Rescue efforts continued October 8 in western Afghanistan a day after a series of powerful earthquakes left a wave of destruction and killed more than 2,000 people in what is being described as the worst such natural disaster in years in the quake-prone mountainous country.
The death toll from the magnitude-6.3 earthquake remains unclear with estimates varying widely.
Preliminary figures following the October 7 quake put the death toll at 100-320.
However, early on October 8, a member of the Taliban-led government said the updated death toll had surpassed 2,000.
Mullah Janan Sayeeq, a spokesman for the Taliban’s Ministry of Disasters, told a news conference that 2,440 people were dead, about 10,000 were injured, and that more than 2,000 houses had been damaged or destroyed.
The epicenter of the first earthquake was some 40 kilometers northwest of Herat, which has some 700,000 people in the city and surrounding area. It was followed by at least three major aftershocks.
The U.S. Geological Survey (USGS) recorded the largest of the temblors at a magnitude of 6.3, with the latest aftershock coming about 30 kilometers northeast of the city of Zindah Jan, which has a population of about 70,000 people.
“This earthquake was preceded by a 6.3 earthquake that occurred approximately 30 minutes before,” the USGS said.
Disaster authority spokesperson Mohammad Abdullah Jan said four villages in the Zindah Jan district in Herat Province bore the brunt of the quake and aftershocks.
The World Health Organization in Afghanistan said it dispatched 12 ambulance cars to Zindah Jan to evacuate casualties to hospitals.
The quake caused panic, said Banafsha, a resident of Jibril district in Herat Province, in an interview with RFE/RL’s Radio Azadi.
“It was around 11:15 in the morning when the first earthquake occurred. After that, there were several other tremors, all the people ran out of the houses, no one stayed at home because they were afraid of the earthquake and other tremors,” Banafsha said.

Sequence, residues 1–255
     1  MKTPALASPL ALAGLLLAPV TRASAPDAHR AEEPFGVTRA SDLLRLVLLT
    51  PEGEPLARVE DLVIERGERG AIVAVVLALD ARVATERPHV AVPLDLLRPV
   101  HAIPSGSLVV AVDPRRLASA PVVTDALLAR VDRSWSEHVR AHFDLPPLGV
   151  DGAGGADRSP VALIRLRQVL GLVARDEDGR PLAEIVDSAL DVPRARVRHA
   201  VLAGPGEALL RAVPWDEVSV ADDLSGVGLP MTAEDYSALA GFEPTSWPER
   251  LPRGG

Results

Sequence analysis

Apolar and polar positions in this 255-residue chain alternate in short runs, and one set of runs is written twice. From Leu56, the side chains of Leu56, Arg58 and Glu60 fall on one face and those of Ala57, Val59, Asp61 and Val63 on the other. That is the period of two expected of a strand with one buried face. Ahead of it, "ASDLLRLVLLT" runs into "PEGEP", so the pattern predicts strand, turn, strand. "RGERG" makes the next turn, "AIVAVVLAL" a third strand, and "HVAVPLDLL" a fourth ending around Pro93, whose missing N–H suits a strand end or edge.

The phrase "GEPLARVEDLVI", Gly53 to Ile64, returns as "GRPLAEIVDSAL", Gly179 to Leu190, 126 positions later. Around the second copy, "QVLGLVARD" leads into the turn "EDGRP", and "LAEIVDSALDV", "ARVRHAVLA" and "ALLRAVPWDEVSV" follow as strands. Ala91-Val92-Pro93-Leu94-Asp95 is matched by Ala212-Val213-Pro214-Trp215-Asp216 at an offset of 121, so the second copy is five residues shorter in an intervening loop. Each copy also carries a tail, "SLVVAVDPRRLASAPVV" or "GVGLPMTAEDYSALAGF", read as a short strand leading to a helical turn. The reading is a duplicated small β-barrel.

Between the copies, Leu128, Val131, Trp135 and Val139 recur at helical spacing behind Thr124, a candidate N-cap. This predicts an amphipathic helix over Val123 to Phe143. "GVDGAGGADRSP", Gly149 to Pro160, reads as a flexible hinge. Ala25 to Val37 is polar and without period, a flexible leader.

Faisal, a resident of Herat city, said he spent the night with his wife and children in the open air.
“Last night, we went outside in the city and stayed under a tent because we were afraid of a possible aftershock,” he told Radio Azadi.
“Many people spent the night outside. Our family was also terrified and very scared. The children were very scared.”
Ali Ahmad Naab, the head of the communications department of the Young Merchants Union in Herat, told Radio Azadi that “even now, we are trying to gather [our group’s] members from the area and take them to the help earthquake victims.
“People are coming together to help save those who are possibly left under the rubble, God willing,” he added.
AP reported that people in Herat had rescued a baby girl from a collapsed building after she had been buried in debris. A video showed the child being eased from the ruins from out of the hands of her mother, but it was unclear if the mother had survived.
The Swiss-based Doctors Without Borders (MSF) set up five medical tents at the Herat Regional Hospital with the ability to handle up to 80 patients at a time.
Meanwhile, Afghan cricket star Rashid Khan has said that he will donate the money he receives for the 2023 Cricket World Cup to the victims of the earthquakes in Herat.
Khan wrote on social media that he will also launch a fund-raising campaign to call upon those who can support those affected by the disaster.
Earthquakes are common in the Herat region of northwest Afghanistan and across the nearby border with Iran.